Hillary Clinton has filled a major communications position in the campaign, tapping Xochitl Hinojosa as director of coalitions press, five sources told BuzzFeed News.
Hinojosa, who served at the Department of Labor under Secretary Tom Perez for almost two years and is the daughter of Texas Democratic Party Chairman Gilberto Hinojosa, will oversee Hispanic, black, and women's media, among others.
Her last day in her current role is next week. The Clinton campaign declined to comment on the hire.
Democratic strategist Maria Cardona said Hinojosa has been in the mix as an early hire for a while. Cardona worked with Hinojosa on two projects with the Department of Labor and said she is someone who understands the nuances of the press landscape both in general media and Hispanic media.
"It's a rare mix to be able to get someone like her with experience, someone who can do it well and do it with grace," she said. "I was thrilled when they told me her name."
In her role, Hinojosa will not only work closely with the communications team but would also serve as a connection between field staffers organizing these coalitions on the ground — something that didn't always exist in the 2012 Obama campaign.
A former Obama staffer said that looking forward, you could envision a scenario where an organizer in Charleston, South Carolina, is working with a local hip-hop station to get information out to that neighborhood. A stronger link between coalitions on the ground and the national press team would "free up the opportunity for the field to communicate and leverage communications channels to send the most authentic message to voters they're working with," the Obama campaign veteran said.
Hinojosa also wouldn't be the person charged with, for example, doing the day-to-day work with black media. Hinojosa would have a team under her and there are plans to fill those roles as the campaign progresses.
Sources with campaign media experience said she will need a robust staff to ensure those coalitions aren't relegated to or feel like specialty media. For example, Univision, which is a top four network in the United States, regardless of language, doesn't want to be relegated to a secondary position in the campaign, said Jose Parra, a former senior adviser for Harry Reid.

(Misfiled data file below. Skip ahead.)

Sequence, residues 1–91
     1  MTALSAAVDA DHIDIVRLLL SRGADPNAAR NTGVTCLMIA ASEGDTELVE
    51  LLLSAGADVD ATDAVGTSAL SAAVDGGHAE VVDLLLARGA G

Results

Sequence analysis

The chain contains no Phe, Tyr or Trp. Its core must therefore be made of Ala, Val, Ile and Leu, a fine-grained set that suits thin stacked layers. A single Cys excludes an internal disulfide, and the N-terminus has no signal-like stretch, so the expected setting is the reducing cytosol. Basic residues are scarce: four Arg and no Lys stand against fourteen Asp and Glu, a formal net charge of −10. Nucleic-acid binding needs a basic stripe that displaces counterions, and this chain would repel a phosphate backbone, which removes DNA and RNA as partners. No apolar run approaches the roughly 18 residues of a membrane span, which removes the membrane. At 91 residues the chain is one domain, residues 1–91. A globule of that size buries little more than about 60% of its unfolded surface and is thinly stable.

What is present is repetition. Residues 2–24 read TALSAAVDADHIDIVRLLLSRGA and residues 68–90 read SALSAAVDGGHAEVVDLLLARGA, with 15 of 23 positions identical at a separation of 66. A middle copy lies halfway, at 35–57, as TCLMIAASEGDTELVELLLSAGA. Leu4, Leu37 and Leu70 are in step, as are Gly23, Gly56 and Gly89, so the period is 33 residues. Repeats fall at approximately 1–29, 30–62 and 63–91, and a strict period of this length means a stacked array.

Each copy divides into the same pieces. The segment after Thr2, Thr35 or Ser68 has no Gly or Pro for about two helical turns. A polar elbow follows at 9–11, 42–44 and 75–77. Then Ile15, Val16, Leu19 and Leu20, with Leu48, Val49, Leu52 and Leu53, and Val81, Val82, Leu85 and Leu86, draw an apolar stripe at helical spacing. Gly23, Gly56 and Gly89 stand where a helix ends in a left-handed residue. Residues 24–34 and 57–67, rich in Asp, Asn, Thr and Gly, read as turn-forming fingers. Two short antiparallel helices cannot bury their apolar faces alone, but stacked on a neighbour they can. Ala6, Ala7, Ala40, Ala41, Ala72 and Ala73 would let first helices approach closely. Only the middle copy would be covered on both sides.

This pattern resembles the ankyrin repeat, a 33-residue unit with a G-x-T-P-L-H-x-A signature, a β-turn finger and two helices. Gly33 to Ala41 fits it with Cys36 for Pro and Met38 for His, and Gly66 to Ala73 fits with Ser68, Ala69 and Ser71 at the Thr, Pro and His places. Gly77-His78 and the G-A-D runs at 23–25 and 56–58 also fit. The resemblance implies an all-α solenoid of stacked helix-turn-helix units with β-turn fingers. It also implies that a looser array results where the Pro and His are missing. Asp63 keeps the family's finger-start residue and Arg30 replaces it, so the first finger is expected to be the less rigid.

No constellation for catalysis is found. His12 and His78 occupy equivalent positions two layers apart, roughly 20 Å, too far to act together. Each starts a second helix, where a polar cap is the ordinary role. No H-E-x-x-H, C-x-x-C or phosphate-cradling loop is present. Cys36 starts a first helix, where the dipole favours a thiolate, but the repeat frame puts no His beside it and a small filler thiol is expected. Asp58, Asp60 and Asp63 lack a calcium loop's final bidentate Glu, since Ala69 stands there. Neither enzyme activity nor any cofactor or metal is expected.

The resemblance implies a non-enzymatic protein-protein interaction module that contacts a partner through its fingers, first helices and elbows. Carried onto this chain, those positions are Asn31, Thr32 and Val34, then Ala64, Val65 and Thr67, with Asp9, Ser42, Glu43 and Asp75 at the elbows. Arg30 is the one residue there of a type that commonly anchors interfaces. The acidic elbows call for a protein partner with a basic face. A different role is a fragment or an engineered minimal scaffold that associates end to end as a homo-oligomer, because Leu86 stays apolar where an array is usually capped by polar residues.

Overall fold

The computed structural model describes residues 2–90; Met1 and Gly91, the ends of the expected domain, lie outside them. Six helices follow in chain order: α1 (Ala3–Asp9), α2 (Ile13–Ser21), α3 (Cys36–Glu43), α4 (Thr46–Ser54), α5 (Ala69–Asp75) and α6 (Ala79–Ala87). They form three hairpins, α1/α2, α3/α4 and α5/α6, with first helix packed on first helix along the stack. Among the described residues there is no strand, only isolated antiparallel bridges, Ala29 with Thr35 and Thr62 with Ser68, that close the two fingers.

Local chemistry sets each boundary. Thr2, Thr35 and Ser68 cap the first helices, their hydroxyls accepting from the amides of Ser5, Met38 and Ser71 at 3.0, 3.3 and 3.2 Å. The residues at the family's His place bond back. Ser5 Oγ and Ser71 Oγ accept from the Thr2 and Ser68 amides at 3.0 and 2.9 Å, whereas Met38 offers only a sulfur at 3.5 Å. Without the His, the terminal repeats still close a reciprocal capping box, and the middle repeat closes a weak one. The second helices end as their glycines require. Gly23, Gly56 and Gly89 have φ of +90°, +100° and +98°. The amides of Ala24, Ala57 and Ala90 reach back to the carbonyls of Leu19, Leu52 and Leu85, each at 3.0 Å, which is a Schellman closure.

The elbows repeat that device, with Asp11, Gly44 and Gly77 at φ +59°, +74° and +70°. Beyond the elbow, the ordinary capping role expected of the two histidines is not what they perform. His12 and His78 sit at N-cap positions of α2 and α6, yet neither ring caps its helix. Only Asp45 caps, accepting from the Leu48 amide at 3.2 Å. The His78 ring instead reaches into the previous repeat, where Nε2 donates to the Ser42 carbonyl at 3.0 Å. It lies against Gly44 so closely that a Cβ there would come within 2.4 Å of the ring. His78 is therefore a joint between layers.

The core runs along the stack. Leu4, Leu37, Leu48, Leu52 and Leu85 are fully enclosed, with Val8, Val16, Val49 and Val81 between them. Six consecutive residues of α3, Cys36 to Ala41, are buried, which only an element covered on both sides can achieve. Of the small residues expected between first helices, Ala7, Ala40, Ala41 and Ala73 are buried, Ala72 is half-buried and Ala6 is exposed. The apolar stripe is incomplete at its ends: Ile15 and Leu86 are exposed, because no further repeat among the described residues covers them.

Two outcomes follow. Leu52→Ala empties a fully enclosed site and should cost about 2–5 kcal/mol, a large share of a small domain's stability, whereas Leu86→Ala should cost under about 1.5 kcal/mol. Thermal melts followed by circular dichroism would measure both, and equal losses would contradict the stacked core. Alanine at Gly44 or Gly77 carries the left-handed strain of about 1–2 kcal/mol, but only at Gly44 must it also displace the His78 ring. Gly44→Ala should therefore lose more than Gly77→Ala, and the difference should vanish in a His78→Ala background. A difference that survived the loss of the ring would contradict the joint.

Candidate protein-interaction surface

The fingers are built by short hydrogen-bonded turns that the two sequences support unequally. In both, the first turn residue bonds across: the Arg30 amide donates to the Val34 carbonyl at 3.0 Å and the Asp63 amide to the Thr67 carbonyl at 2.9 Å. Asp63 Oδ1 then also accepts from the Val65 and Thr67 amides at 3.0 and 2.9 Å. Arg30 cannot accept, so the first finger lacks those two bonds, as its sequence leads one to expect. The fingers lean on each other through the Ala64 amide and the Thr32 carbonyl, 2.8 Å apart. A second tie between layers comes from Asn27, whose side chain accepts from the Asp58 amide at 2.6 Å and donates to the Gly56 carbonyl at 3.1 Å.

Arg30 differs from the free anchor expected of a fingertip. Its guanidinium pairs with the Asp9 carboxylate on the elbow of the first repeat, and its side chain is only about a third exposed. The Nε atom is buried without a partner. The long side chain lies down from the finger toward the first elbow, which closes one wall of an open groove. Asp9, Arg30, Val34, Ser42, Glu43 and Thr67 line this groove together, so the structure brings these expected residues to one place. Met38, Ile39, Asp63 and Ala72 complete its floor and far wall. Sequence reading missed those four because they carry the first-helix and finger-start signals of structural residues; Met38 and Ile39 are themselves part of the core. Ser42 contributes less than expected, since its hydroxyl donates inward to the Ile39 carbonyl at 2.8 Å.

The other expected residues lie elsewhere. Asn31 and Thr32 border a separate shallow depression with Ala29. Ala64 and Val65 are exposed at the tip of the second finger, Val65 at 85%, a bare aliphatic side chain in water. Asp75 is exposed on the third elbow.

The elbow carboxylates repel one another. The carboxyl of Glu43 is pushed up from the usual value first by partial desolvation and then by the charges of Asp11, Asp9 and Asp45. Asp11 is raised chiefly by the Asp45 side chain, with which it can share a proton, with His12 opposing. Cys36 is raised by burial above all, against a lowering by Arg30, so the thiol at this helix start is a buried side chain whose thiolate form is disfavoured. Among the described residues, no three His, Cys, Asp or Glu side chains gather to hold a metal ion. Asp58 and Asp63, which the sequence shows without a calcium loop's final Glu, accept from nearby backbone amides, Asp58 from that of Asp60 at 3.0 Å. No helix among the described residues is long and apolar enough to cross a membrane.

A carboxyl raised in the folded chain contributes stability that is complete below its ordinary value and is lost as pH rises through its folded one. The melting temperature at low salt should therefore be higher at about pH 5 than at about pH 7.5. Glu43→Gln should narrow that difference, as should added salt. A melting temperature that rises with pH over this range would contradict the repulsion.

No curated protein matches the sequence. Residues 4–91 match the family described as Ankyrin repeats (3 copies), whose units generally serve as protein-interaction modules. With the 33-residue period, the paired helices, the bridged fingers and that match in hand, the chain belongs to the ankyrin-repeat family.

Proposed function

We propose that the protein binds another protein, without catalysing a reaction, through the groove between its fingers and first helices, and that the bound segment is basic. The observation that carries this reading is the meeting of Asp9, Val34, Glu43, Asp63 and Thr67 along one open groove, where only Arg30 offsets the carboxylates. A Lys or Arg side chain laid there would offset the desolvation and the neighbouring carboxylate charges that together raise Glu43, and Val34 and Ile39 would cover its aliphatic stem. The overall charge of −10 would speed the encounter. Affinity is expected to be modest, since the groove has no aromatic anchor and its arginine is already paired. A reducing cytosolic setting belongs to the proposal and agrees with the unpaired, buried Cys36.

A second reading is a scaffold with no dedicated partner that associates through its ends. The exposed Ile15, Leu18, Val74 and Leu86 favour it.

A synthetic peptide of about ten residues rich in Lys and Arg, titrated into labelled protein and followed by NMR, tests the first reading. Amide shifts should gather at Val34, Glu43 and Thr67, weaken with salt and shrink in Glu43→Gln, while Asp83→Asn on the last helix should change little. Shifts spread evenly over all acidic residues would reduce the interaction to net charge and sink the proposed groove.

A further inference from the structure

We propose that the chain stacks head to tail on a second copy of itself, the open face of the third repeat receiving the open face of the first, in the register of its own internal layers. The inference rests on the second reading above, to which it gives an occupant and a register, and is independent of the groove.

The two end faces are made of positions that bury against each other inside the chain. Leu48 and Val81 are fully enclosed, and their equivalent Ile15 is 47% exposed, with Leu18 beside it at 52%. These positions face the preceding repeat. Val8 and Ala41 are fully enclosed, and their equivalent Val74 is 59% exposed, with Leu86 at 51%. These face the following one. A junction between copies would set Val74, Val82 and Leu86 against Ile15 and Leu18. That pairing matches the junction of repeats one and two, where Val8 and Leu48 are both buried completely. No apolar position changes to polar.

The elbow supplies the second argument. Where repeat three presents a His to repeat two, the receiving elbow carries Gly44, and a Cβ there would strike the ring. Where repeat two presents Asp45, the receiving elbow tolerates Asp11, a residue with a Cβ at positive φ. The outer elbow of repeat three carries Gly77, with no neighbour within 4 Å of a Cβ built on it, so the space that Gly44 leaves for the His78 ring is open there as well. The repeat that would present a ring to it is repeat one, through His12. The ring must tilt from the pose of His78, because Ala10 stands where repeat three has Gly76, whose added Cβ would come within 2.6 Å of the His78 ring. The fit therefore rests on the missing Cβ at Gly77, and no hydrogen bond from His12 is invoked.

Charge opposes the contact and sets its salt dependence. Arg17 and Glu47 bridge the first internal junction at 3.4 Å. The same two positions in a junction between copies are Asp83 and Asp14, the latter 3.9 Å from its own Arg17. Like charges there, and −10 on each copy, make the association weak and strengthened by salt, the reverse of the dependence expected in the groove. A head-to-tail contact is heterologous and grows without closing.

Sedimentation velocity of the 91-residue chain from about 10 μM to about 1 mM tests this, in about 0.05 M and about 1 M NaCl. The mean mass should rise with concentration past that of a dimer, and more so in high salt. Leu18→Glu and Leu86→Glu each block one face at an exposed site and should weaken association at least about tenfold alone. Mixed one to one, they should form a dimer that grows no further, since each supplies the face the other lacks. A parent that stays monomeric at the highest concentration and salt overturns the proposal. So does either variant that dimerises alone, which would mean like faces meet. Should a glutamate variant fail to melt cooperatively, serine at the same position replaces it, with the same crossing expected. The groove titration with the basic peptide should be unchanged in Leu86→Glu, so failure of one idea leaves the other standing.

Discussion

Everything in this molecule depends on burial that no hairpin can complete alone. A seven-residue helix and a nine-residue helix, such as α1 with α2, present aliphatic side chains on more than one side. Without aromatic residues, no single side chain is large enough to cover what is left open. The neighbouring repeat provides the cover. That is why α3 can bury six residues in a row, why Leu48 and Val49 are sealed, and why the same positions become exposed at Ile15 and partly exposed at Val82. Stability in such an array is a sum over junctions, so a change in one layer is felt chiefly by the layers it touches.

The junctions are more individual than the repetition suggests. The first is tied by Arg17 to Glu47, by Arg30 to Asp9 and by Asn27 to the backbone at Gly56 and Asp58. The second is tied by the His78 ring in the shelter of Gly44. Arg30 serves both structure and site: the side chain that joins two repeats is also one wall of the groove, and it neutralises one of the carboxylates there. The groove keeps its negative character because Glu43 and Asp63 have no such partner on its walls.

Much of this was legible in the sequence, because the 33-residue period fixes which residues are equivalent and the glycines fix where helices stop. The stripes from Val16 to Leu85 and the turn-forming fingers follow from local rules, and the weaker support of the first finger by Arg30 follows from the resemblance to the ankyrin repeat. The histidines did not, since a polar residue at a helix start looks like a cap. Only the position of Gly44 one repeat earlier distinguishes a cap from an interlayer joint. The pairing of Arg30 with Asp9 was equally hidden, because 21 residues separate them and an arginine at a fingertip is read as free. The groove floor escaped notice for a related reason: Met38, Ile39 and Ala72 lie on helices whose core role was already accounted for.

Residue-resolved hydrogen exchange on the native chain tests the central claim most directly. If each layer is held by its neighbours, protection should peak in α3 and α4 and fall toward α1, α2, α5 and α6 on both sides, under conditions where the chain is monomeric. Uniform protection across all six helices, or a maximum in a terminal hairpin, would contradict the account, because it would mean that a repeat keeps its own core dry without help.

Hinojosa's hire makes her the fourth high-profile Latino hire, and third Latina, along with Amanda Renteria, the political director and Emmy Ruiz, who returned to run the Clinton operation in Nevada. Jose Villarreal previously joined as campaign treasurer, as well.
The hiring continues the approach stressed by Clinton officials like Renteria of not just hiring, say, Latinos for Latino roles.
The early focus on strong Latino hiring and outreach operations has been repeatedly called for by Democrats who note that Clinton was popular among Latino voters in the 2008 primary against Obama, but must show she is serious about addressing their concerns during this campaign. Democrats have also worried that Republicans like Jeb Bush, who is fluent in Spanish and has a Hispanic family, and Marco Rubio, could compete for support from Latino voters.
Hinojosa followed very much in the footsteps of her father, Gilberto, who represented farm workers in class-action lawsuits "and made sure that the U.S. Department of Labor Employment Services Division provided farm workers with needed interstate employment services," according to the Texas Democratic Party.
She previously spent time at the Department of Justice's civil right division, as well as campaigns and senate offices before joining Labor, where she has been focused on issues like paid leave and the minimum wage.